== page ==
Dannon Plain Yogurt.
Heavy cream equals Dannon Plain Yogurt.
Whole buttermilk =

How do you use extra yogurt?

10 creative ways to use up leftover natural yogurt
Marinade for meat. To make a moreish marinade for meat, combine leftover yogurt with spices, garlic, lemon, or herbs.
Pizza bases or flatbreads.
Smoothie ice cream.
Dressing of yogurt and tahini.
Cakes with yogurt.
Breakfast garnish.
Topping for yogurt with harissa.
Topping for soup.

What is yogurt a good substitute for in baking?

Greek yogurt may be used in place of milk, sour cream, and heavy cream. If you’re low on milk, half and half, or light cream, Greek yogurt may help make up the difference. Instead of one cup of milk, use three-quarter cup of milk and one-quarter cup of Greek yogurt.

What can I use in place of plain Greek yogurt?

10 Common Greek Yogurt Substitutes for When You Can’t Find Sour Cream at the Grocery Store. PIN IT.
Cottage cheese is a kind of cheese. Because of its consistency, cottage cheese often receives a poor reputation.
Banana mashed.
The cream cheese.
Cream of coconut.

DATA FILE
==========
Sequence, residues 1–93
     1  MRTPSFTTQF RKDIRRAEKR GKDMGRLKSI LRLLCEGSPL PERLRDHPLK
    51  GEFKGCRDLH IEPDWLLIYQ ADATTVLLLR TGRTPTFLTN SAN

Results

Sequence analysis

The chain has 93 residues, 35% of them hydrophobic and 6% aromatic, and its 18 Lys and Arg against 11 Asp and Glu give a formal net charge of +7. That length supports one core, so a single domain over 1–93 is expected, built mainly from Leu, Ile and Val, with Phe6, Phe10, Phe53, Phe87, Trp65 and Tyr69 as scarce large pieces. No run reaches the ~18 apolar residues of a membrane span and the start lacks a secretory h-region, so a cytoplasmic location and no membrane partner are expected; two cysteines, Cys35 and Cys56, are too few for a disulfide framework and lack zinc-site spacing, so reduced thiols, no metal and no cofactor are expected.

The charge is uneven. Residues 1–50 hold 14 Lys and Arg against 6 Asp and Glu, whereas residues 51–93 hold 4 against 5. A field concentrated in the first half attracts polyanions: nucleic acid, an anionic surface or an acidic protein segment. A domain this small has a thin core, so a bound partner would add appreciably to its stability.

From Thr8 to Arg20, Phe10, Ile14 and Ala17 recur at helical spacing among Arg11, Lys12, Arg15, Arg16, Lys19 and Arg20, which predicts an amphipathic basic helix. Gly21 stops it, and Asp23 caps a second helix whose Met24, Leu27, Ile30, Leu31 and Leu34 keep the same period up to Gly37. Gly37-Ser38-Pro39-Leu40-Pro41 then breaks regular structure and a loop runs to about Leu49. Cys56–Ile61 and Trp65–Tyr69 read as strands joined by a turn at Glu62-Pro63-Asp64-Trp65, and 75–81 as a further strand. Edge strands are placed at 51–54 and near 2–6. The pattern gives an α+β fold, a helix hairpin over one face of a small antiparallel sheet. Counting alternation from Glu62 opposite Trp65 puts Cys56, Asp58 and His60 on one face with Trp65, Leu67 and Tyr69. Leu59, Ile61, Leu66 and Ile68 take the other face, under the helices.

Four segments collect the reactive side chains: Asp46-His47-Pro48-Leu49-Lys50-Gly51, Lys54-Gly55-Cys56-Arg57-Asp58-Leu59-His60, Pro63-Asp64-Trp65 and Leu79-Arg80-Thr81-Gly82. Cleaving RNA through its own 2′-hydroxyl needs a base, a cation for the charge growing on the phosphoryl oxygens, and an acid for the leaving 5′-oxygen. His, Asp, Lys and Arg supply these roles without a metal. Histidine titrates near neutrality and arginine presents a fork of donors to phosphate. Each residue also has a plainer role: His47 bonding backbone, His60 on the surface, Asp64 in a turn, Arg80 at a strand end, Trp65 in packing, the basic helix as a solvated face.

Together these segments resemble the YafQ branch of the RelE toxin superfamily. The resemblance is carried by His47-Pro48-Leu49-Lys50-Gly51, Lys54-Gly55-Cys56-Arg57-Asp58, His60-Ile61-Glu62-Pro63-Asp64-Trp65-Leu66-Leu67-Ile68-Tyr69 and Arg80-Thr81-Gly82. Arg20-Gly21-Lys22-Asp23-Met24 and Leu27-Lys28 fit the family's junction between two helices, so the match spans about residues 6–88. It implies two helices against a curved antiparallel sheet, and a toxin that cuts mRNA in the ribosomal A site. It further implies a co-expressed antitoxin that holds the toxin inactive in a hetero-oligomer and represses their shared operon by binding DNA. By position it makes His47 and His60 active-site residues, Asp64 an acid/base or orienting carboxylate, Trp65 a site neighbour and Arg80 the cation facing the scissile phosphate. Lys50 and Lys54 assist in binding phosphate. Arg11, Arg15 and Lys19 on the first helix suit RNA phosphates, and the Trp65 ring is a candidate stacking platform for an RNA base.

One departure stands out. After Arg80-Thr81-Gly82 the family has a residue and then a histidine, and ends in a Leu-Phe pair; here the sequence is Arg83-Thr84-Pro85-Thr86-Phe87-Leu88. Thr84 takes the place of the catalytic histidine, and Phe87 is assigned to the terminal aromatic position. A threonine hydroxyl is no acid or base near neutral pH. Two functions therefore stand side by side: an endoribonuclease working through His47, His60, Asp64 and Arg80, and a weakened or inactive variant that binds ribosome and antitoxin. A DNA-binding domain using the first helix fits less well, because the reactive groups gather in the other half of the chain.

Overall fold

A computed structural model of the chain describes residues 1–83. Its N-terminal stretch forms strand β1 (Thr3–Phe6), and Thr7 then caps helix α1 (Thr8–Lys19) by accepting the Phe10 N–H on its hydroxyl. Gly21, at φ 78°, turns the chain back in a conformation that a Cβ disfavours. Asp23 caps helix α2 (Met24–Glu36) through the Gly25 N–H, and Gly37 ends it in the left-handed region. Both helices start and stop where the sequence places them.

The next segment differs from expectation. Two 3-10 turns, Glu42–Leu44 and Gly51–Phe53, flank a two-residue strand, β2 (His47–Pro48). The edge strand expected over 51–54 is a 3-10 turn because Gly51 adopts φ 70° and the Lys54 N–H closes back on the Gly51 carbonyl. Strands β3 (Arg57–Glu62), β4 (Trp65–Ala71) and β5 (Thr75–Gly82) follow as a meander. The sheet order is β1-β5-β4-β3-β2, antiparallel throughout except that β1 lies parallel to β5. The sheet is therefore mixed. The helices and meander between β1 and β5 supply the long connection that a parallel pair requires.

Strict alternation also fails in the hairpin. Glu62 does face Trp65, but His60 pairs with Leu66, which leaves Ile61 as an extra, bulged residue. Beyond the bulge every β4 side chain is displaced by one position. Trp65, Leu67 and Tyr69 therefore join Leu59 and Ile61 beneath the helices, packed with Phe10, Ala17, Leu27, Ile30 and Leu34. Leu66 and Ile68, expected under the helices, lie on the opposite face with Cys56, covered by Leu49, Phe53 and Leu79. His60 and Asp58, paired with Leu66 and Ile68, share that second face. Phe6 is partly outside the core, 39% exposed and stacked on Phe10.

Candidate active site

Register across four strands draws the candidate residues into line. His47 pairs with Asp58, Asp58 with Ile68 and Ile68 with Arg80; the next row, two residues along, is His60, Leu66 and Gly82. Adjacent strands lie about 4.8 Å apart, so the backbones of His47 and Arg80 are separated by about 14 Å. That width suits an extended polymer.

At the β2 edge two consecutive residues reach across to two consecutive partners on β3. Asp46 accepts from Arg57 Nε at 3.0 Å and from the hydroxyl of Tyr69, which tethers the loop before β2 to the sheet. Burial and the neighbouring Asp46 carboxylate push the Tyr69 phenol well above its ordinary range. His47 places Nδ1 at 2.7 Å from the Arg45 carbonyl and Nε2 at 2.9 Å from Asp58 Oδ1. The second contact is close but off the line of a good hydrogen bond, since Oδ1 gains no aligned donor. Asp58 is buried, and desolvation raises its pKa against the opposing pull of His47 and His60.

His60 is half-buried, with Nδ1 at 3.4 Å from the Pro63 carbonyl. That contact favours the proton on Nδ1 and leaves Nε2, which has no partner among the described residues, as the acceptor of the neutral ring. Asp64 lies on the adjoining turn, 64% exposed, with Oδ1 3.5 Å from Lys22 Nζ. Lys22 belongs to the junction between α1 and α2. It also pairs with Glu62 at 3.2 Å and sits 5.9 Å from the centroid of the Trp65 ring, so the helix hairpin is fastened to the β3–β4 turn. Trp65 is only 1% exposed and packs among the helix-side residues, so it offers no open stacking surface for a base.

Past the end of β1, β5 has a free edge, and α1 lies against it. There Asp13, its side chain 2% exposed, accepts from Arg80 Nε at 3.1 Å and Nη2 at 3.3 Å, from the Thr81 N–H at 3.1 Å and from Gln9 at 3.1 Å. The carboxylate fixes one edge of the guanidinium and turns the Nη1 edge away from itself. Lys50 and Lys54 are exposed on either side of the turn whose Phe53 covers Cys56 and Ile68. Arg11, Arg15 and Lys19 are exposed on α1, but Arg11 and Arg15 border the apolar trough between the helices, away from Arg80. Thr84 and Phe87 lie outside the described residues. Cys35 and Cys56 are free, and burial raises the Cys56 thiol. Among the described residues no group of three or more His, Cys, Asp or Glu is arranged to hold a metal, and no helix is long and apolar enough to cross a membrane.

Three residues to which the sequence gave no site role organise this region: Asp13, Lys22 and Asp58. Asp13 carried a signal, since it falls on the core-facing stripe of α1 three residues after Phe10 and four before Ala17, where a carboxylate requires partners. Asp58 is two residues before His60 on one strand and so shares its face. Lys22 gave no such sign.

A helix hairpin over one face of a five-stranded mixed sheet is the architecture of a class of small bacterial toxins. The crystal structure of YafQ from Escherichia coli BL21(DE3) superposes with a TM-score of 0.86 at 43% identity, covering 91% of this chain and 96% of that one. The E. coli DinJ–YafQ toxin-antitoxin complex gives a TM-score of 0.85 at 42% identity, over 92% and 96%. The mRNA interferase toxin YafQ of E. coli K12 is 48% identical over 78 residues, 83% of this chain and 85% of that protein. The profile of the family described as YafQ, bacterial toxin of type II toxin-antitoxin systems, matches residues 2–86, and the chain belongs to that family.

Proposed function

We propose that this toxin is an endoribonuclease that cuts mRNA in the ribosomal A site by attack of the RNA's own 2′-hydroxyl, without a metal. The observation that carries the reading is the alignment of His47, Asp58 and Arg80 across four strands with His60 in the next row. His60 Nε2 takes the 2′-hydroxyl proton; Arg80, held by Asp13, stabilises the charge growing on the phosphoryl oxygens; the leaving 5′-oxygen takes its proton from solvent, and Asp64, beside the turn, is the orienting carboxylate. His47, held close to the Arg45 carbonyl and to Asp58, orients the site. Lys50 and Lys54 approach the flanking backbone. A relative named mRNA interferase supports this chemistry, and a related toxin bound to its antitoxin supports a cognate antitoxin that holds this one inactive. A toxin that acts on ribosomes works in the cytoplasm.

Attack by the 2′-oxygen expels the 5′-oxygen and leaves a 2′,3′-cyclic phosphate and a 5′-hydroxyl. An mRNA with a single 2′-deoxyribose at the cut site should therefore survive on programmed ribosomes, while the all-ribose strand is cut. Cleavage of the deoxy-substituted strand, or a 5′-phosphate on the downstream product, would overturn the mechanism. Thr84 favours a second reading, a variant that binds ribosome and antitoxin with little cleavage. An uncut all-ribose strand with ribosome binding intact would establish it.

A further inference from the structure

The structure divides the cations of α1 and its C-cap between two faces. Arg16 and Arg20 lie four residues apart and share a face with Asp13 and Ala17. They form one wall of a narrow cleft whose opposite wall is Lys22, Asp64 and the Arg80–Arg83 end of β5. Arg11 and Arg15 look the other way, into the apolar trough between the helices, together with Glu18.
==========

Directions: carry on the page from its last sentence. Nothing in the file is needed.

Can I substitute yogurt for heavy cream in baking?

For a thicker replacement similar to heavy cream, combine equal parts Greek yogurt and milk. To prevent curdling, add it after your dish has come off the heat, and don’t use it for whipping. Sauces, soups, and some baking.

Can yogurt be used in cooking?

Yogurt adds a mild tanginess as well as a light, fluffy texture to breads, biscuits, muffins, and cakes. In many dishes, you may replace yogurt for dairy products like sour cream and kefir, or you can make a yogurt-specific recipe.

What can I reuse yogurt containers for?

Innovative Ways to Reuse Yogurt Containers
Lunchbox Wonderland for Dip Lovers.
Gardening Enthusiasts Will Love These Seedling Pots.
Keeping Van Gogh’s Art Supplies in the House.
Excellent Molds for Soap Makers.
Fashionistas Will Love These Yogurt Bracelets.
Ice Cream Pops for Fans of Homemade Desserts.

How do you eat flavored yogurt?

Ways to Enjoy Yogurt or Curd
Make a dip, and then take a dip. Forget about fatty mayonnaise and calorie-laden cream.
Distribute the curd. Spread the following recipe for creamy and delicious dip on toast.
Smoothie is delicious.
Frozen dessert:… Useful Hints.

Why do you put water on top of yogurt?

Yogurt contains minerals and nutrients such as calcium and modest quantities of protein. Whey separation from yogurt is normal and may be swirled back into the yogurt or drained out.Whey is the liquid that sometimes appears on top of yogurt. Whey is just milk’s water.

Can you sub yogurt for butter?

If a recipe asks for 1 cup of butter, use 1 cup of yogurt. However, since yogurt tends to increase the moisture level in a dish, bakers recommend only using yogurt in recipes that call for 1 cup or less of butter.